One Huge Downside To Living Where The Walking Dead Films

When audiences are watching The Walking Dead, they’re more often than not  too emotionally engaged in the characters and the story to think about what life must be like for the people who live in the area where the show films. But let it be known that things can get pretty horrible for those Georgia residents, and one of the most egregious downsides involves not being able to enter and exit one’s own residence unless it complies with the shooting schedule.

Unlike a movie’s production, which can make citizens’ lives troublesome on a temporary basis, a TV show films for months on end, sometimes without any sizeable breaks. And one Senoia, Georgia resident had quite a lot to share about how the show’s presence has changed the area since it started filming there in Season 3, saying that the people in the gated community standing in for Alexandria had to basically either comply with certain changes or move out. 

They had to agree to things like specific exit/entry times at their own homes to work around filming, and allowing bright lights and loud noises at three in the morning. I believe they are legally obligated to wait until the crew okays their leaving so that they don't mess up a scene.

Few things sound like more of a blast than having someone else dictate when you can and can’t go to the store when you desperately need syrup to go with those waffles that you made without checking to see if you had syrup or not. Did I say blast? I meant crime against humanity. And that’s at the breakfast table after a terrible night of sleep that was interrupted by explosions. I can’t imagine having to situate a work schedule around when scenes are being filmed. I mean, they did have to sign an agreement, but still.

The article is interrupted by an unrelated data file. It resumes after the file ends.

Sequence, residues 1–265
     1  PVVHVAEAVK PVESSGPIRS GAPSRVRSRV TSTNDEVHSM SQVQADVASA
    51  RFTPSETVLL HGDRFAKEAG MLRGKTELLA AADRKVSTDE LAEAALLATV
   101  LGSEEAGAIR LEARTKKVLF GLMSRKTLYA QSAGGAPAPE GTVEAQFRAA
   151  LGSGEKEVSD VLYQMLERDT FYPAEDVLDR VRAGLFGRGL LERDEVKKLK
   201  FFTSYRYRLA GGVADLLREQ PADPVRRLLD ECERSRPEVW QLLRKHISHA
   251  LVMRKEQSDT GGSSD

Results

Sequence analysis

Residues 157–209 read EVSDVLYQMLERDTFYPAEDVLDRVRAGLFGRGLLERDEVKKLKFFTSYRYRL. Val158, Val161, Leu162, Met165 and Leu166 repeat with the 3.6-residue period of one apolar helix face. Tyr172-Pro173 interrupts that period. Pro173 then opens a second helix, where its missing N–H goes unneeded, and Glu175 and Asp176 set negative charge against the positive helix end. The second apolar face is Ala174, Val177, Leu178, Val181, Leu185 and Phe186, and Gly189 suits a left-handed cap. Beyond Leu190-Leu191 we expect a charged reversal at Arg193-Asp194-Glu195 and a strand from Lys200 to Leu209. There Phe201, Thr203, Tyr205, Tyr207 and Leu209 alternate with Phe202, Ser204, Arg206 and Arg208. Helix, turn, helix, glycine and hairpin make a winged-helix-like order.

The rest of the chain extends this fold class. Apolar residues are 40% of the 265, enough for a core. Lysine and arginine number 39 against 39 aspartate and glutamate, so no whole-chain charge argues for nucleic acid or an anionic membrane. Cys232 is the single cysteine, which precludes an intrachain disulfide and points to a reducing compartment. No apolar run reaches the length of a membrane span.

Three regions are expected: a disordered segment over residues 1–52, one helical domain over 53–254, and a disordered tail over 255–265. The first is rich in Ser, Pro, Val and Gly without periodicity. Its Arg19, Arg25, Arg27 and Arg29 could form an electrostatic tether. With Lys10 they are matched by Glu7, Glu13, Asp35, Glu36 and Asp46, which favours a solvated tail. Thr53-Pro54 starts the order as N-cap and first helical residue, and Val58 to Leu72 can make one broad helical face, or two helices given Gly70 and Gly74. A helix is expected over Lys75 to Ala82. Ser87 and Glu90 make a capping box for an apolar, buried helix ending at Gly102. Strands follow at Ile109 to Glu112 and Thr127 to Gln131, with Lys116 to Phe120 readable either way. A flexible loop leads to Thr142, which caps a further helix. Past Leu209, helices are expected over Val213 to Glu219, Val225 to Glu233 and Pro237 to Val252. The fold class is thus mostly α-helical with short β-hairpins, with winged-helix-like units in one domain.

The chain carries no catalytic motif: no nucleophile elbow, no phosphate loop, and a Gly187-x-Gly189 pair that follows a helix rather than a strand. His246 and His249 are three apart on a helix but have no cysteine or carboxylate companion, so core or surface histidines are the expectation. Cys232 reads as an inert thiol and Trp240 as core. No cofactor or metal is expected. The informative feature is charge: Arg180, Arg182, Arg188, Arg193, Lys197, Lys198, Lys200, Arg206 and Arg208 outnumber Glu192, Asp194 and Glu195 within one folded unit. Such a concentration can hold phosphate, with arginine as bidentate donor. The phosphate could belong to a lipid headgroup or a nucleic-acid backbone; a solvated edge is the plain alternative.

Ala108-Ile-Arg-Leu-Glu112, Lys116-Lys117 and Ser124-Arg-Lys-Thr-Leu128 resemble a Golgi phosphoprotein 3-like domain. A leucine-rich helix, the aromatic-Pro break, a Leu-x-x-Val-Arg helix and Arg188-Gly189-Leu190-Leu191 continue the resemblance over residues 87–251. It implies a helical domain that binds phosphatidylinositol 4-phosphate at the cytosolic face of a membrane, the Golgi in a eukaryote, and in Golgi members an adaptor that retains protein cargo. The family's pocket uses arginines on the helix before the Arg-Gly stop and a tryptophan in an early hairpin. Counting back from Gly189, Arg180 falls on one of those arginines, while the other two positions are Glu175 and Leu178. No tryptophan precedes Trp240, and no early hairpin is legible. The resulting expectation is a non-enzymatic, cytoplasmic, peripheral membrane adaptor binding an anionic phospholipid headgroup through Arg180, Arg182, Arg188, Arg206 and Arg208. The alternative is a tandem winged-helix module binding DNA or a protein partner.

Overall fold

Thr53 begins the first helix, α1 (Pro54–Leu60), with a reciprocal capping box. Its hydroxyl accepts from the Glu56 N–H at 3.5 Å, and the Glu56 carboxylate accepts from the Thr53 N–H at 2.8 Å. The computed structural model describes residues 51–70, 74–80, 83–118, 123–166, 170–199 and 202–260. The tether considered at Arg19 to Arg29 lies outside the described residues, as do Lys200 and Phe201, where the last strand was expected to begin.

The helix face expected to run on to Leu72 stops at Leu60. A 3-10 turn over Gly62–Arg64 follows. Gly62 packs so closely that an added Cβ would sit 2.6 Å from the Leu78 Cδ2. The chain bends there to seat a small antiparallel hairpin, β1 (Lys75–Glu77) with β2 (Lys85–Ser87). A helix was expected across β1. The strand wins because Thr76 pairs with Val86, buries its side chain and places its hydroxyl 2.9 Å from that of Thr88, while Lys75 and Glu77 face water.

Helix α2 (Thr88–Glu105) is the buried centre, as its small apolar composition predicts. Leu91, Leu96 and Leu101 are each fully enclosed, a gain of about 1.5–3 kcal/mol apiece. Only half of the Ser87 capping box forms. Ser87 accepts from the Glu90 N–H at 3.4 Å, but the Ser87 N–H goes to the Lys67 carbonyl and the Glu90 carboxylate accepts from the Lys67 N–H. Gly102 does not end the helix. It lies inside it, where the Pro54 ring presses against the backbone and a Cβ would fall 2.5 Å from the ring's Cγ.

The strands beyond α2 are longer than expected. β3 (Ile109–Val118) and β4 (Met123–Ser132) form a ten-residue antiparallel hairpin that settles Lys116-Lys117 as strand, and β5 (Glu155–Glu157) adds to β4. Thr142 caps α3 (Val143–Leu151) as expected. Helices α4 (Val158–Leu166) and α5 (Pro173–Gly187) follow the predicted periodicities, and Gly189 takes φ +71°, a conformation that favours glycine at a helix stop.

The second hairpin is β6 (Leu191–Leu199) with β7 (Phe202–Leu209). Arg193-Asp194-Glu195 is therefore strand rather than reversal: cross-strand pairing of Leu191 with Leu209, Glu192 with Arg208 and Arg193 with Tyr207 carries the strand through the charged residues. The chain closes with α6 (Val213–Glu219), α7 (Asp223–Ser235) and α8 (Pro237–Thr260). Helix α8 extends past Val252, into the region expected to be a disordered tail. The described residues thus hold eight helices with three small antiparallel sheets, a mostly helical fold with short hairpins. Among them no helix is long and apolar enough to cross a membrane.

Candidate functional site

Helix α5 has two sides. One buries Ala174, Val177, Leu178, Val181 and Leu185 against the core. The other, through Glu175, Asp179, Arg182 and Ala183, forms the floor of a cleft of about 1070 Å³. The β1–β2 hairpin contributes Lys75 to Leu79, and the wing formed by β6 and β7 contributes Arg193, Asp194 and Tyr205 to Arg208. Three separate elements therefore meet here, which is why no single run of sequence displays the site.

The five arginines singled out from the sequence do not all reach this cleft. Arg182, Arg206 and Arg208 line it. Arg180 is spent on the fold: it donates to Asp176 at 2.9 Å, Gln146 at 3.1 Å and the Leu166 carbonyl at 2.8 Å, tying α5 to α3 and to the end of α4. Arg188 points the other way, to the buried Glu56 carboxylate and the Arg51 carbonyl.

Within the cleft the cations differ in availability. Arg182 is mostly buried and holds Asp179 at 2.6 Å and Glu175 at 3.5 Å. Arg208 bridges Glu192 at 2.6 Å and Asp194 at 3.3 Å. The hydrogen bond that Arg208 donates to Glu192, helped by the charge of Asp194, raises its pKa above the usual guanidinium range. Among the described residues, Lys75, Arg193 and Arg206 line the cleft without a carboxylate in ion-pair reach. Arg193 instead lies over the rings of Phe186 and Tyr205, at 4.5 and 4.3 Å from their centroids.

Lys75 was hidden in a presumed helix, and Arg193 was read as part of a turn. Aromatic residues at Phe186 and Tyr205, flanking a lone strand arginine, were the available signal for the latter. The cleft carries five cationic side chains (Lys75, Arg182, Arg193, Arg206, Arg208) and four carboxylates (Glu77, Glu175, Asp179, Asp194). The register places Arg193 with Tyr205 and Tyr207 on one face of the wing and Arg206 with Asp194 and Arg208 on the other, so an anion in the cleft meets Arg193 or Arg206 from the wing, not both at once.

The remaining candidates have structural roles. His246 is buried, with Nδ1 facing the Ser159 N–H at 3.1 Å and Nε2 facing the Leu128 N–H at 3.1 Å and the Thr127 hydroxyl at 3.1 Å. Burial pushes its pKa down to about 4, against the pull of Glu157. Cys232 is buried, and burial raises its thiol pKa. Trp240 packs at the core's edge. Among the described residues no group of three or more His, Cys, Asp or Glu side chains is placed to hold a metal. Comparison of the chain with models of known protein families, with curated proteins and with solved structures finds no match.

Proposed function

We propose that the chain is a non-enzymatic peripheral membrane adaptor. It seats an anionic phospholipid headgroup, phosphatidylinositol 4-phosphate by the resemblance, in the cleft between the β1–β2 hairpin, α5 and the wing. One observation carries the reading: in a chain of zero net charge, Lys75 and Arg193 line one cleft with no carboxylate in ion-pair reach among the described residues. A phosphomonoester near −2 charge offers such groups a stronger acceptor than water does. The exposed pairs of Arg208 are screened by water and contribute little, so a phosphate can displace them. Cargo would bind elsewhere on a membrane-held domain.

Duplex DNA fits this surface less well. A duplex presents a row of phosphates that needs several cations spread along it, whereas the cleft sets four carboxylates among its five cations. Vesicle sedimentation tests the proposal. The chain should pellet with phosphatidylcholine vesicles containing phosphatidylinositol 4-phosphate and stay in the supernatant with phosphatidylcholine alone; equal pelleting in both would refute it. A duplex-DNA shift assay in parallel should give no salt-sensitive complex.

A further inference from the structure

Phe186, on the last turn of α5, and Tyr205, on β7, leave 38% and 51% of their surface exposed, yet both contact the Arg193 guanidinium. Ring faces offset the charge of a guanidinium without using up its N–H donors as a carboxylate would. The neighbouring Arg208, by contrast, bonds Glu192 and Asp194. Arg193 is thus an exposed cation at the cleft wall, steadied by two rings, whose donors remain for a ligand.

Brittany, the Senoia resident who spoke with Cracked about all this, said that there is a constant police presence when the show is in production, as they’re always on alert for people messing with the props and settings. And sometimes just being outside was disallowed. 

At one point during filming, I was actually told by a cop directing traffic that I wasn't allowed to be out on my own lawn. When they were filming at the wall of Alexandria, we were really close to where they were shooting. Security had to make sure that nobody walked past the blocked portions of the road, so when we walked out into the yard to see what was up, a security officer told us we couldn't be out there unless we were trying to leave.

I totally understand why this is happening from the show’s perspective. A random person in the background wouldn’t look too good on a show where the world is barely populated. But it would still suck to have to deal with that for months on end. 

Brittany also gave a bunch of other changes that have hit the city since The Walking Dead started using it for Woodbury and probably The Hilltop Colony.  Since the show takes place in the post-apocalypse, the locations are always in ruins, so that means Senoia gets totally trashed when filming is happening, which is worsened by fans and tourists who invade and take little notice of the damage they cause. As well, Brittany said it’s basically impossible to live there and not get spoiled on everything that’s being filmed, as it’s a lot of what the locals will talk about. 

All in all, it sounds like it wouldn’t be that great of a time unless you were a super diehard fan who didn’t give a shit about disturbances and social limitations. Brittany also says that businesses are booming in town, and they all sell “zombie” version of normal groceries, so there’s that. 

The Walking Dead airs Thursday nights on AMC.

Nick Venable
Assistant Managing Editor

Nick is a Cajun Country native, and is often asked why he doesn't sound like that's the case. His love for his wife and daughters is almost equaled by his love of gasp-for-breath laughter and gasp-for-breath horror. A lifetime spent in the vicinity of a television screen led to his current dream job, as well as his knowledge of too many TV themes and ad jingles.